We selected 22 farms from Swine Management Services (SMS) database that recorded the technician responsible for inseminating each breeding female, the weekday and time of day the insemination occurred (military time, hour 01:00 to 24:00).
We understand that some farms record time of mating simply by AM or PM, and that some sow record programs are limited in the amount of detail they will accept. However, if we are to drill down to identify the problems that plague some breeding herds, this type of detailed, individual information is required.
At SMS, we have developed the In-Depth Analysis Report and the Breeding Technician Report, which takes detailed data and turns it into charts and graphs that track farrowing rate by AI technician, by hour of the day inseminated, by day of the week inseminated, by parity, by wean-to-first-service interval, by number of matings, by boar semen lot, etc.
In this article, we will take a closer look at farrowing rate by AI technician, by hour of day and day of the week inseminated. Table 1 and Chart 1 present data on 15 technicians that in the last 52 weeks performed at least 2,000 matings, with a few approaching 10,000 matings. The average for the 52-week period was 4,925 matings/technician, which is an average of 94 matings/week or 13.5 matings/day.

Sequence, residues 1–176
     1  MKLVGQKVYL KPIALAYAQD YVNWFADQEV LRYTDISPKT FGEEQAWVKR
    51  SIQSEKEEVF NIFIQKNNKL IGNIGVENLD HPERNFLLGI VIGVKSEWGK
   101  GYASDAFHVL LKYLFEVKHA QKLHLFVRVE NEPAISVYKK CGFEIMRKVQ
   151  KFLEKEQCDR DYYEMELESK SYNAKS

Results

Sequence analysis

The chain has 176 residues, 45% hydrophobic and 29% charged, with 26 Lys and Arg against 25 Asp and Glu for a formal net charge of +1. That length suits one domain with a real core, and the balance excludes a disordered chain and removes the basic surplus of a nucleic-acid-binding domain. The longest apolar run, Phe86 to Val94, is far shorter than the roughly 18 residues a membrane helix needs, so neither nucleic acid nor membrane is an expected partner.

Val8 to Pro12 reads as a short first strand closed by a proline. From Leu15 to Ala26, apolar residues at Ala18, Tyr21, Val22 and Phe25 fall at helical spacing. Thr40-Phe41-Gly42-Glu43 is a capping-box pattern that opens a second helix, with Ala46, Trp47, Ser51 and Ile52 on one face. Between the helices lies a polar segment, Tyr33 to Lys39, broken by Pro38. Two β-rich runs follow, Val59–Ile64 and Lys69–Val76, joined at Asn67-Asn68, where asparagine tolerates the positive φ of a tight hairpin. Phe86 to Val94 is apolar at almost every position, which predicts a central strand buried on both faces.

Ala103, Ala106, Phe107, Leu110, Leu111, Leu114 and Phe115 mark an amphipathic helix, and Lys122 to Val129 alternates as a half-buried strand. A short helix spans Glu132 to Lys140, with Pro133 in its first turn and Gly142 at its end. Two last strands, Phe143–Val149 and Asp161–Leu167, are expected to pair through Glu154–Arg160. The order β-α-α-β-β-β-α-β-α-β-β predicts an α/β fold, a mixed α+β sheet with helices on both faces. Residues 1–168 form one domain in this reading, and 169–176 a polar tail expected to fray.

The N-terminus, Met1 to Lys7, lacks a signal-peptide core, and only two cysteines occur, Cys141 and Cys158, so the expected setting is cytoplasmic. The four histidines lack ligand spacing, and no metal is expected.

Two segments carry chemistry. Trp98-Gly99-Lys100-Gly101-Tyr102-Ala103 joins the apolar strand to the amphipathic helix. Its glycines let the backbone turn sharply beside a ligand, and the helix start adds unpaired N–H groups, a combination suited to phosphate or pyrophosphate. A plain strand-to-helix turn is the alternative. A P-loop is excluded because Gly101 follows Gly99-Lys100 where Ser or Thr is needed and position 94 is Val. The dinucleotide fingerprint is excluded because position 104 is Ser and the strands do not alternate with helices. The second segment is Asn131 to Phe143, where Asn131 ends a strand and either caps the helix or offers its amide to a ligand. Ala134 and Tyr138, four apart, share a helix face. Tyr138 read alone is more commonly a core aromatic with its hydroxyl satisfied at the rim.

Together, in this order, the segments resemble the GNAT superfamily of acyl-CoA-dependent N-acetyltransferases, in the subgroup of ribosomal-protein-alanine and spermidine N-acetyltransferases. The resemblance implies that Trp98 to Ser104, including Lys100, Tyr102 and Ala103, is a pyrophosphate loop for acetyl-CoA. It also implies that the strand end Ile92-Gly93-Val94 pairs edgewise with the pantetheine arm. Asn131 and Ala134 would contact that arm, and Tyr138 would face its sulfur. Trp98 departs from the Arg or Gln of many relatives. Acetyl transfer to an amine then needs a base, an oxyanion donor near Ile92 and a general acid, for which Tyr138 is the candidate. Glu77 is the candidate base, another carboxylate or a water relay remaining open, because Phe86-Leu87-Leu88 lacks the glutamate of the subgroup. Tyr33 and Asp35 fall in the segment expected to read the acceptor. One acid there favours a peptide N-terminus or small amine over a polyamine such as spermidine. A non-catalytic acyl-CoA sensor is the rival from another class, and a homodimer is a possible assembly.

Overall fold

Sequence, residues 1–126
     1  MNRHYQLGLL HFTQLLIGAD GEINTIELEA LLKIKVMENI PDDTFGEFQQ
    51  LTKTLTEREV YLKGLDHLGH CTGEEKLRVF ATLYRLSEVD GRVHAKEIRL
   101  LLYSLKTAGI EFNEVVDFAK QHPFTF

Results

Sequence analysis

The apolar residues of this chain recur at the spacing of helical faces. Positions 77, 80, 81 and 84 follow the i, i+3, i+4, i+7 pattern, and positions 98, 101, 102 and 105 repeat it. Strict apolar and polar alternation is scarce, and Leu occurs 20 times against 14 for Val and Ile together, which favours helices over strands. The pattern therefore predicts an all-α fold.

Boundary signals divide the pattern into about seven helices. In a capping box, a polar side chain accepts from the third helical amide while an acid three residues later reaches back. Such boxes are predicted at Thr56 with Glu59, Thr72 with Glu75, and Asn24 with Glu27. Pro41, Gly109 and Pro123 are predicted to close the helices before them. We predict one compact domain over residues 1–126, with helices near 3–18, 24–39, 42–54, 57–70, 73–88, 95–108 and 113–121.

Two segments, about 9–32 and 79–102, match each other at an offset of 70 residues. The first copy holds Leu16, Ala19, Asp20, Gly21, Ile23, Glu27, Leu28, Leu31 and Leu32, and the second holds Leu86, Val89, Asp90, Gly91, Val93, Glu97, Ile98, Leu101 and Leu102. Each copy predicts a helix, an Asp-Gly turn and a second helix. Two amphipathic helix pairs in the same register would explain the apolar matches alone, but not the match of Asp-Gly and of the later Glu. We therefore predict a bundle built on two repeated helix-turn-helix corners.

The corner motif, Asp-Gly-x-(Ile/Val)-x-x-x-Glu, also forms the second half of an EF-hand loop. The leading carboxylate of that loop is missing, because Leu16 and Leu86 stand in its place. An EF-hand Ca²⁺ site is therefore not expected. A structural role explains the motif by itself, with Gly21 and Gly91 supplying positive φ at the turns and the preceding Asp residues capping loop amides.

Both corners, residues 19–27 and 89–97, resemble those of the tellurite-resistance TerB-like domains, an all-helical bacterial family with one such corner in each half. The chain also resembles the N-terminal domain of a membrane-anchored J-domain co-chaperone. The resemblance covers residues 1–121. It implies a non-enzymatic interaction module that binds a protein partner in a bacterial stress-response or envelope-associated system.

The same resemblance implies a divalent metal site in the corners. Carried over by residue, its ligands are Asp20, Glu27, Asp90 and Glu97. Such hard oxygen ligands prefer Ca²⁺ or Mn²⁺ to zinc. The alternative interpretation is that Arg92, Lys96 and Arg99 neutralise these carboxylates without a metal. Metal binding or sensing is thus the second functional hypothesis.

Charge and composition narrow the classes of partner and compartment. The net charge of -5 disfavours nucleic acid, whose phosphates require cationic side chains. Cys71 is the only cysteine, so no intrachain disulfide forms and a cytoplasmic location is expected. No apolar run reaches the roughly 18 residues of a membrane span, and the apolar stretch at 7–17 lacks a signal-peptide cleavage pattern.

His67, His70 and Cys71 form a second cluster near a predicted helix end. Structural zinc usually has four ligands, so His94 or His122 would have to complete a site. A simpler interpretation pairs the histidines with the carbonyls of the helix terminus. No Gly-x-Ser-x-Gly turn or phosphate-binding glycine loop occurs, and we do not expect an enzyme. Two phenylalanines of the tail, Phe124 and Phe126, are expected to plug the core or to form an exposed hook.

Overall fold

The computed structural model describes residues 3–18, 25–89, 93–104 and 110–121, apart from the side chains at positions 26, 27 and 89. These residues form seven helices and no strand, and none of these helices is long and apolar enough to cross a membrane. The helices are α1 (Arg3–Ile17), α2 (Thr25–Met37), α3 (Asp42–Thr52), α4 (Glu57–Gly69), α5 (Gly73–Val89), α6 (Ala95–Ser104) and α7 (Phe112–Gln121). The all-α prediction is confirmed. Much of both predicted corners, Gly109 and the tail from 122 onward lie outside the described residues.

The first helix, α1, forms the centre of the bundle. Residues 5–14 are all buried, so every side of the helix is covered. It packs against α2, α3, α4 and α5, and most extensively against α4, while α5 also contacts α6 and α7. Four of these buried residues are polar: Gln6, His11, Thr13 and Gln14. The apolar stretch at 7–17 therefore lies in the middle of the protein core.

We grabbed matings that were made between 6:00 a.m. (hour 6) and 3:00 p.m. (hour 15), thereby removing data that was probably entered wrong or the hour of mating was not recorded.
A 2,500-sow farm will average approximately 16,400 matings annually, about 315 matings/week or 45 matings/day.
A review of Table 1 shows the average farrowing rate for the 15 AI technicians was 82.8%, with a range of 74.5 to 89.2% for the 52 weeks. Focusing on matings that occurred between hours 6 and 15, we see farrowing rates between 80-85%, averaging 82.8%. Broken down further, the percentage of matings that occurred between hours 6-8 was 29%, hours 9-12 was 58.4%, and hours 13-15 was 12.5%.
Chart 1, shows the farrowing rates of each technician by hour of day bred. The black line represents the hourly average farrowing rate (range: 80-85%) for all technicians. As you can see, there is a lot of variation in farrowing rate by technician and hour of day bred.
The top technician (E), with an average farrowing rate of 89.2% for 52 weeks, begins inseminating at hour 6 (71% farrowing rate) and quickly improves to 87% or higher, topping out at 92% at 3 p.m. (hour 15). If I was the manager/owner of this operation, I would have this person come to work later, or tell him/her not to start breeding until 8:00 or 9:00 a.m.
Technician F, with the lowest average farrowing rate of 74.5%, struggles in the mornings, peaking at hour 10, and then struggles again as the noon hour approaches. He bounces back at hours 12 and 13, and then finishes the day with 82%.
What effect does a break or lunch have on farrowing rate? Look at the results of inseminations done at hour 11– technician B slips to 67%, technician F to 71%, technician J to 75%, and technician O also to 67%. Did this slump occur before or after a break? Does it reflect technician fatigue from breeding 20-30 females without a break? Perhaps the technicians were in a hurry to get the breeding done so they could join the group for lunch.